We are now beginning the season of Advent, the coming of messiah Jesus into our world 2,000 years ago and our personal preparation to receive the spirit of Christ into our lives today. The world into which Jesus was born was a dark one. Despite the romantic embellishment of our Christmas story, the Christ child was born in a bed of dirty straw and animal feces and his people suffered under the heavy hand of the empire. The Jewish people whose fortunes had been dashed so many times, waited hesitantly for a messiah to inaugurate a new world order of peace and justice. It would not be an exaggeration to say that Jesus was born in the wilderness.
Many, if not all of us, go through “wilderness” times in our lives. There are times when we may feel bereft of hope, alone and even spiritually bankrupt. During Christmas these feelings of loneliness, despair and emotional pain seem to be magnified in our lives. The beauty of Christmas is that in the midst of the wilderness there often come little glimpses of hope and renewal that remind us that all is not lost and that eventually the darkness gives way to the light. I recently read a poignant testimonial which reminded me of this advent reality:
“This trip back was a sort of spiritual pilgrimage. A landscape of grief and disappointment had made my life flat and joyless. God seemed as cold and remote as the mountains we were driving through. My throat was too dry for prayer. I was hoping this trip would help take away some of the sad longing I felt.
We were riding on a lonely stretch of road with no gas stations or stores and not even another car. The road has been gradually ascending for several miles, and my ears were popping. The tundra spread out for miles. Nameless mountains rose up in the distance. The trees had disappeared-winters were too cold and the winds too fierce for them to live.
It hadn’t been so lonely to me when I was younger. I was raised on Davey Crockett and Wagon Train and Little House on the Prairie, and I loved stoking the stove with split logs and sitting by the light of the kerosene lamp, It was novel to plug in the oil pan heater on the Jeep every night so the motor oil wouldn’t turn to Jell-O.
Life seemed all opportunity; I could be a waitress or a college professor or a poet. My grandparents, my parent and my sister were all alive. I imagined I’d have a big family that would sit around a long table at Thanksgivings.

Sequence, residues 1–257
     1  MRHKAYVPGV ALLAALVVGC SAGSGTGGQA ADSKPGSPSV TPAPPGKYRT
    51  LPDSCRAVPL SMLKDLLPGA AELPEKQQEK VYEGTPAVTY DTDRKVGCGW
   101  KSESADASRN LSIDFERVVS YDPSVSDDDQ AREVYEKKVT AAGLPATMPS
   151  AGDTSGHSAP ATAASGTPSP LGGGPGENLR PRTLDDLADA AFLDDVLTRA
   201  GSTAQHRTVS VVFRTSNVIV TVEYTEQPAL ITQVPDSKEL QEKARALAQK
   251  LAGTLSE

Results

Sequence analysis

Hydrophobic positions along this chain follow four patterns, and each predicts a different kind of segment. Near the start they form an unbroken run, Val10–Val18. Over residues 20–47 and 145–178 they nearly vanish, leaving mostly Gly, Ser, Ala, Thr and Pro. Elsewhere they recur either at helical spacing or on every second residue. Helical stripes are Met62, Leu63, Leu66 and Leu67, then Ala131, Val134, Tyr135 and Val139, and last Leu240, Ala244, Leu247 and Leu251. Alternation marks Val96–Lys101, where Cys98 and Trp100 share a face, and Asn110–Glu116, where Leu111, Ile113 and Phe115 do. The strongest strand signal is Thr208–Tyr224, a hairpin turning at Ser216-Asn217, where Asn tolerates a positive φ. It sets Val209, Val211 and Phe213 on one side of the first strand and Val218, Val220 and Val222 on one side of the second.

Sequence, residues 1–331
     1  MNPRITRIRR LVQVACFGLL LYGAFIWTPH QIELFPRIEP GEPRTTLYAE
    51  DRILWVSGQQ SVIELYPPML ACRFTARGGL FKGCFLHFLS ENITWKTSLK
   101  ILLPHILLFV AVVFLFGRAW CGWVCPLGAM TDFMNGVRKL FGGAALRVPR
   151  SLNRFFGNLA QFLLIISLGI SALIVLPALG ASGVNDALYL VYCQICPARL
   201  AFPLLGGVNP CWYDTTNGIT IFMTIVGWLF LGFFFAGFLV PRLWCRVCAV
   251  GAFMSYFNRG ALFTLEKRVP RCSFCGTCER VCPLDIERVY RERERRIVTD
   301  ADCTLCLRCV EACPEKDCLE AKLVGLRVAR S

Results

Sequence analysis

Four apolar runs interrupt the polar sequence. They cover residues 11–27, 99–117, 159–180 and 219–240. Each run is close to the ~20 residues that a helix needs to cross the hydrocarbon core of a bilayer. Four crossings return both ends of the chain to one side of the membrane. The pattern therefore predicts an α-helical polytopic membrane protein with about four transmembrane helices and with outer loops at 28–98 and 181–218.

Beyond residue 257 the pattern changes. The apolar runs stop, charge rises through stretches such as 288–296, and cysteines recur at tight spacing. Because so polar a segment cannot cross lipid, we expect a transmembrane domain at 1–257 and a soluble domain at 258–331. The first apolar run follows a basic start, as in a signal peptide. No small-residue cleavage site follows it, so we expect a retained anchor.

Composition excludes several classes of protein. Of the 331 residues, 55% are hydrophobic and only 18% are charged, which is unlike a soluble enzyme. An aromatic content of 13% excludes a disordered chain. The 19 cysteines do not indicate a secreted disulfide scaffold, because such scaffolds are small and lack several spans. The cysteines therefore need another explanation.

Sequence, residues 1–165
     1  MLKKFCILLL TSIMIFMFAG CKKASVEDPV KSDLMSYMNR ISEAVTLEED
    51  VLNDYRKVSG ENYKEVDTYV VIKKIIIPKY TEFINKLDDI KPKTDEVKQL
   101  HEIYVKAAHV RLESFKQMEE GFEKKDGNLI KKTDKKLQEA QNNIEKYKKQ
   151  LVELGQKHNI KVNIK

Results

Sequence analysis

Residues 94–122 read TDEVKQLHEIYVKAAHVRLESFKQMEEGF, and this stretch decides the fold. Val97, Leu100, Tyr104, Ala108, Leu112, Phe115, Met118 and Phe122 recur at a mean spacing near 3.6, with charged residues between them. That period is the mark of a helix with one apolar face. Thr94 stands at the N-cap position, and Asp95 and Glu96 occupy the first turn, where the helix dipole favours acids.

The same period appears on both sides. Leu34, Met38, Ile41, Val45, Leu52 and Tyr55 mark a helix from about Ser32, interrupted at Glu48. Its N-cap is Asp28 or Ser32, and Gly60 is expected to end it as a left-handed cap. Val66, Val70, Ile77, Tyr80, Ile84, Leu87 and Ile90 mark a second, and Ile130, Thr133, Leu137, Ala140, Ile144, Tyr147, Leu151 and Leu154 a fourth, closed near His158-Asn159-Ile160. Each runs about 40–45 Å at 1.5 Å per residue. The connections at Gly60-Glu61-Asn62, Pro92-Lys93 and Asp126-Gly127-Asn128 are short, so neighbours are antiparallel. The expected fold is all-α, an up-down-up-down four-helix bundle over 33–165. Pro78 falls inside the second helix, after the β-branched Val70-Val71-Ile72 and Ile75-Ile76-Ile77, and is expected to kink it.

Now my mother had been gone ten years. My dad, sister, aunts, uncles and many friends were dead too. I had regrets. I never became a waitress, poet or college professor. I left Alaska and ended up in a middle –sized city in Iowa. I didn’t have a big family, and my children lived far away. The past year my husband and I had eaten Thanksgiving dinner at a Perkins restaurant.
Suddenly I saw a small spruce tree. From our vehicle it looked about two feet high. I don’t know how the tree got there or how it had managed to survive, but there it was, a spike of green in an arctic desert. I stared at it, turning in my seat to keep it in sight. Then a clump of four or five trees appeared, clinging together in what must have been a warmer spot of ground. An old spruce shoulder leaned sideways onto a hearty tree as if the old one was putting its head on the younger one’s shoulder.
A few miles further on, several families of black spruce stood close together as if posing for a family picture. Now the evergreens filled the slopes with a deep green-descendants of other spruce and fir trees. I felt a hopeful quickening. I was surrounded by kinfolks. I took a breath and inhaled a prayer.”
Excerpt from The Christian Century, Nov. 2017
As we enter the season of Advent, let the waiting begin with anticipation and any measure of hope we can muster up. Let us look for those little signs of new life and new light, even in the midst of our pain, brokenness and disappointment…… even in our wilderness times.